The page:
First Aid

I’ve had some fascinating First Aid training today, and was pretty impressed by both the trainer and what he taught us.

That's it, luv!

First, some context: I’ve been trained in First Aid At Work for about about 8-9 years now.  First Aid At Work is the most basic medical training you can get.

First Aid At Work tries to teach you how to stop someone dying before an ambulance arrives – don’t ask me to bandage wounds or fix broken bones, let alone amputate a limb!   And my youngest brother, Rich, who’s a proper paramedic, would doubtless laugh at my “training”.

Previous First Aid courses have taught me all the usual stuff: CPR, mouth-to-mouth and the recovery position, plus a little bit of bandaging.  But they made it all seem so complicated and beset with small details that my big worry has always been: could I remember all this in an emergency?

The guy who taught us today, a very likable ex-Army chap called Tony, was far more practical.  Basically, all we First-Aiders can do – all we need to do – is present the emergency services with a viable patient upon their arrival.

Which is to say, try not to let the victim bleed to death and start performing CPR/mouth-to-mouth – if necessary – as soon as you can.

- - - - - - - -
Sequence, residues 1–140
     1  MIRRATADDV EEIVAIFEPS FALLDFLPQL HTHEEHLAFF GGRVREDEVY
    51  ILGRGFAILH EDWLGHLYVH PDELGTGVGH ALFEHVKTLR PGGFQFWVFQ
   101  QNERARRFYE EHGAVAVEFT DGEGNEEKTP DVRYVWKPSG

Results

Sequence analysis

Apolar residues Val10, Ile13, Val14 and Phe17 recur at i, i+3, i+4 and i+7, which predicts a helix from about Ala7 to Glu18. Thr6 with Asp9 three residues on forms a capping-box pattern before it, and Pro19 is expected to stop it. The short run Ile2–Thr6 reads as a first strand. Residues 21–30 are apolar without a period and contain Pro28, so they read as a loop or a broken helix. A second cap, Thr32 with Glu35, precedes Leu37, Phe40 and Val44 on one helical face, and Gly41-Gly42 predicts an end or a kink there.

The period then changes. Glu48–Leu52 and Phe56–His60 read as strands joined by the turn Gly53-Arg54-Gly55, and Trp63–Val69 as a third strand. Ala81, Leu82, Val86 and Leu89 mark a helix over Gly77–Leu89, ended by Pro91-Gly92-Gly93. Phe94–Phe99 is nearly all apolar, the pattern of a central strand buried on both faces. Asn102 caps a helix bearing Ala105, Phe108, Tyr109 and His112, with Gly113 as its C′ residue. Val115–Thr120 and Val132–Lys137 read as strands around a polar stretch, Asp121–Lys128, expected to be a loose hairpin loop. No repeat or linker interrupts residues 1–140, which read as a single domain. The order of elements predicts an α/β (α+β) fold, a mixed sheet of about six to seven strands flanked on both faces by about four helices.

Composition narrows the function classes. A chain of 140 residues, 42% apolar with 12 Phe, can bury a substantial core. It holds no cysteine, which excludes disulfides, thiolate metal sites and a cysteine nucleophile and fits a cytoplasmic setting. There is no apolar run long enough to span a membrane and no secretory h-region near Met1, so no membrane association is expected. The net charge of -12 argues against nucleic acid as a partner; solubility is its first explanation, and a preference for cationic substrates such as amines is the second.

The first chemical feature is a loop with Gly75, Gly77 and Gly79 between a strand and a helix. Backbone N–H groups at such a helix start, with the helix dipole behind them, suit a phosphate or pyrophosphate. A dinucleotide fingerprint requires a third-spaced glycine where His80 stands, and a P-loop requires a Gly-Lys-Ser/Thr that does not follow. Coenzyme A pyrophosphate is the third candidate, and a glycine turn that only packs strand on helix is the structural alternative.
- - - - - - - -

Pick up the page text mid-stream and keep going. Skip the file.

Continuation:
And that’s it.

We didn’t practice anything on a dummy – all of us in the training had learnt that stuff before and the basic techniques have become increasingly streamlined until these days you’d be hard pressed to get them badly wrong (by which I mean fatally wrong).

Instead Tony spent the time impressing us with the basics and having us look at some real-life patients we might encounter, i.e., not a person lying quietly on their back on the ground waiting for our diagnoses.  We then ran through the small number of possible techniques and treatments we could bring to bear, looking at if, when and how to apply them in.

The result is that I now feel a lot more confident about using the few techniques I do know, rather than before, where I supposedly knew more but was very nervous about putting any of it into practice.

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